Malaya Pimentel-Santos, MD
TEMPUS FUGIT. That’s what I told my son Joey this morning as I sent him off to his weekend retreat. He’s turning 16 in a month, standing at the threshold of adulthood, and his (life) story is still waiting to be written, in a manner of speaking.
Amidst all the hullaballoo on social media over the sorry state of Metro Manila traffic, the upcoming national elections, Philippine history, and one particular kalye serye, I thought I’d take a step back and just reflect on some of the latest stories and trends, and (more broadly), on the meaning of life in general.
The movie starts by stating that it is a work of “fiction based on fact.” I loved the movie, in fact, I’ve seen it twice. I also made it a point to watch it during opening week, for fear it would be pulled out of theaters before I could see it. Turns out I shouldn’t have worried. Several weeks later, it’s still showing.
Numerous writers and critics have weighed in, analyzing it for artistry, historical accuracy, and relating it to present-day Philippine politics. Much has been said, and I wish I had some brilliant insight to add to the discourse. Instead, I would just like to say that I’m pleased at how it moved several generations to revisit our heroes, our heritage and our history. It has also inspired a good bit of (mostly) intelligent discussion, and that, in itself, is quite an achievement.
Just in case you’ve been hiding under a rock somewhere and haven’t heard about this, “Aldub” – a contraction of the names Alden (Richards) and Yaya Dub (Maine Mendoza) – is an insanely popular segment on a local noontime show. It evolved from the Dubsmash videos that went viral earlier this year. It is arguably the greatest social media trend in the history of Philippine Twitter. It offers viewers a bit of light entertainment: Comedy with some life lessons, and all in all offers a refreshing – and welcome – respite from the traffic-cursed streets of the metro.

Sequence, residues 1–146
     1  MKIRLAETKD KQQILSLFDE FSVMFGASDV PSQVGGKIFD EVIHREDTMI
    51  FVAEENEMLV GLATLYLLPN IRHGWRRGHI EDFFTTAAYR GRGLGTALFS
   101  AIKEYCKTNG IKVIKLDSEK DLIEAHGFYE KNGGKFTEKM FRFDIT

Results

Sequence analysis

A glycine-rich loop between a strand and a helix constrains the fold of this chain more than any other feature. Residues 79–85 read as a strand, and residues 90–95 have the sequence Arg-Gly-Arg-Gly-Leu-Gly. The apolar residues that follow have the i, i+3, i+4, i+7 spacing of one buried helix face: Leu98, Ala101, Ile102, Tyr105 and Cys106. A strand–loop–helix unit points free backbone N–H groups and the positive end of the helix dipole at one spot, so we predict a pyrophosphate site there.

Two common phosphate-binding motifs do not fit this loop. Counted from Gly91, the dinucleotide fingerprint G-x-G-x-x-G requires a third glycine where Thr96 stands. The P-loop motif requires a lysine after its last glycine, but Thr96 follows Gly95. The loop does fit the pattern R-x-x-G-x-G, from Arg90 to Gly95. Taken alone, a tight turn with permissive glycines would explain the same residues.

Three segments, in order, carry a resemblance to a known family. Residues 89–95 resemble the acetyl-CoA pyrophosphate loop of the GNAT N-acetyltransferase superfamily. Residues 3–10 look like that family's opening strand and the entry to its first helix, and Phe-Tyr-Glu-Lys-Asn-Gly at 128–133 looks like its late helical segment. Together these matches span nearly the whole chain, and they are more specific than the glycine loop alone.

This one isn’t really trending, but I’d like to mention it anyway. “Di Pangkaraniwang Kuwento” is a photographic advocacy campaign that aims to help raise awareness for leprosy by highlighting the human aspect and individual stories of persons affected by the disease. Rather than focus specifically on their patient experience, Di Pangkaraniwang Kuwento celebrates life and beauty, and reminds us that just like everyone else, persons affected by leprosy are special, extraordinary individuals in their own right.
Each of us has a unique journey, and therefore a unique story to tell. Maybe some of us (like Aldub and Heneral Luna) just have the gift of being able to tell this story better. At the end of the day, even more important than leading trends and waving to cheering crowds, is living a life that is meaningful. So embrace and enjoy yourspecial journey. It is, after all, your very own. And like they say, “Walang basagan ng trip.”
Vital Signs Issue 80 Vol. 4, October 1-31 2015